Four Principles for Running a Business in Good Times or Bad


Leslie A. Yerkes and Charles Decker

Jossey-Bass, 2003, 154 pp. 



This is “management light,” a fictionalized account of a real business that has chosen to stay small, illustrating four key principles of running a business.


The principles are passion, people, personal, and product. 


Passion:  “Do you have passion for what you do?”  “Do other people feel or experience your passion through your work?”  (3)


People:  “What kind of people do you have working for you and with you?”  “What kind of person are you?”  (3)


Personal:  “Everybody wants to be a regular somewhere.  Are you treating your customers like your friends?  Do you know their names?  The names of their family members?”  (4)


Product:  “None of the other P’s can save a bad product.”  “Does your product represent who you are to the world?”  (4)


Work “is about what you’re doing being a natural extension of yourself and fulfilling a need you have.”  Seek employees who have passion and the right attitude. (23)


When you know the customers, their families, their interests, etc., they feel unfaithful if they buy somewhere else!  (25)


“What the companies who did all the ‘sizing’ in the last few decades didn’t count on was the direct connection between employee loyalty and customer loyalty. …the translation in loss of loyalty from their employees to their customers.  It turns out that customers are loyal when employees are loyal…”  “When employees are loyal, they act selflessly.  That is, they think about what’s good for the company first, not about what’s good for them.  When employees lose their loyalty, it’s hard for them to be selfless with the customers.” (40)


“When your customers are friends, you find yourself thinking about what they’d like and you treat them differently.”  (45)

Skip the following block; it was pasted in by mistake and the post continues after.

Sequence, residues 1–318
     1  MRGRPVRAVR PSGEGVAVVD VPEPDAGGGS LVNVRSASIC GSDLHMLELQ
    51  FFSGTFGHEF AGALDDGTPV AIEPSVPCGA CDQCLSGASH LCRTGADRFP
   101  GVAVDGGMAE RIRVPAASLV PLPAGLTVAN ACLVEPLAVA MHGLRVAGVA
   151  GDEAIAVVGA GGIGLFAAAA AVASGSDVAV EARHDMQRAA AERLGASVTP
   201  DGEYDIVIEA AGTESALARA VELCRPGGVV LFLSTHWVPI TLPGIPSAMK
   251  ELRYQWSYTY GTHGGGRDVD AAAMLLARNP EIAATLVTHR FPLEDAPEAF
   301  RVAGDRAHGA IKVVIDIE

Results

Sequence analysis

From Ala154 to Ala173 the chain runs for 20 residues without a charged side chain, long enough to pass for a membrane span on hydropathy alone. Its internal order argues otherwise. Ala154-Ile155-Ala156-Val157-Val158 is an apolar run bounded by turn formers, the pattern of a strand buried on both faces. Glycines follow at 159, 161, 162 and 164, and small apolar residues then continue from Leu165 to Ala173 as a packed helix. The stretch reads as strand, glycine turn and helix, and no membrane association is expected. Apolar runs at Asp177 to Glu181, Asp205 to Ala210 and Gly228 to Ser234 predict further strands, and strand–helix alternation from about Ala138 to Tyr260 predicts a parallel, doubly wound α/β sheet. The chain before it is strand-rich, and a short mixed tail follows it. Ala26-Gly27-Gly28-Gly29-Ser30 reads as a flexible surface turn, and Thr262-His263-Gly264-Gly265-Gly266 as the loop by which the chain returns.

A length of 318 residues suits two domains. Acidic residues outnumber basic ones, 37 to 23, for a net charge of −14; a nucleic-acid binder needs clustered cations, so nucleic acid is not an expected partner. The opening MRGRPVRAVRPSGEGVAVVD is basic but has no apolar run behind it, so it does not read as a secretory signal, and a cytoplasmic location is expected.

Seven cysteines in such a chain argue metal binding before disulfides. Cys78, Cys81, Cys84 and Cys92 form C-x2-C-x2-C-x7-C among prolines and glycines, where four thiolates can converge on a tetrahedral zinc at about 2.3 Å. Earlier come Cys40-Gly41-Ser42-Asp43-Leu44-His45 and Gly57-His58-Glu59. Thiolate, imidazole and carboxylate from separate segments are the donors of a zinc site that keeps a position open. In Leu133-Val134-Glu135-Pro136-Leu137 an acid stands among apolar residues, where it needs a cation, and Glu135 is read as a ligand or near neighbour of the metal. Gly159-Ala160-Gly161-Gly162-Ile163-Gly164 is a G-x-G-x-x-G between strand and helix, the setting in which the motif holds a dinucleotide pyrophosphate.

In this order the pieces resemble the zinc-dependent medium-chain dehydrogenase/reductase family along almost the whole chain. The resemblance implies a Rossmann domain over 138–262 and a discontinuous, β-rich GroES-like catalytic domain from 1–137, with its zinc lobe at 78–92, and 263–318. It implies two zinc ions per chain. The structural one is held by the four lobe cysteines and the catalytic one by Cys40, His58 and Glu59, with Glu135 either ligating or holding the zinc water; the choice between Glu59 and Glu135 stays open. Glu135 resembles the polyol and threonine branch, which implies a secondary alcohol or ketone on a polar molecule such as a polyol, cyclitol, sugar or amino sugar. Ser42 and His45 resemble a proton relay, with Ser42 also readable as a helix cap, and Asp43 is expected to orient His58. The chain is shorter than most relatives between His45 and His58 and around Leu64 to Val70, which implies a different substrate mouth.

“When there is a community to which customers belong, they are loyal to each other and to that community.” (47)


Attention to detail is the essence of professionalism.  (53)


“What seems to happen is that a company starts out with a good product and they become successful with it and then they start to focus on profits instead of the product and the service.” (55)


“When you listen to feedback the most important thing to do is hear those things you’ve done well and make plans to continue doing them.” (59)


“Bad product overrides good service.”  A poor product will drive away good customers.  And bad service can drive customers away from a good product.  (66)


“Be passionate about your quality, celebrate that quality in word and deed, and your people will be passionate about their work.  For employees the message is: Be proud about your work and what you produce and you will make your work environment more enjoyable.” (71)


“Often the secret to success in bad times is to do what you did when you created the good times to begin with.” (90)


“When people do what they love, they feel like what they do for a living isn’t really work—it’s fun.” (92)


“Passion is the fuel; employees are the engines.  When employees like what they’re doing, they become loyal.  Loyal employees produce better product and service.  Better product and service attract better customers.” (94)


“Create shared expectations with them and communicate your intentions to them.  So, at any moment, they know what you expect from them.”  “Honor all the individuals and value their contribution.”  (95)


“When you keep things fun…the relationship is enjoyable and profitable for both sides.” (97)


“If you don’t know clearly what you intend to accomplish, there’s simply no way to be effective.”  Success is when your results match your intentions.  (98)


Start with passion.  Hire good people.  Create good customers by making the buying experience personal.  Create and maintain a good product.  (99)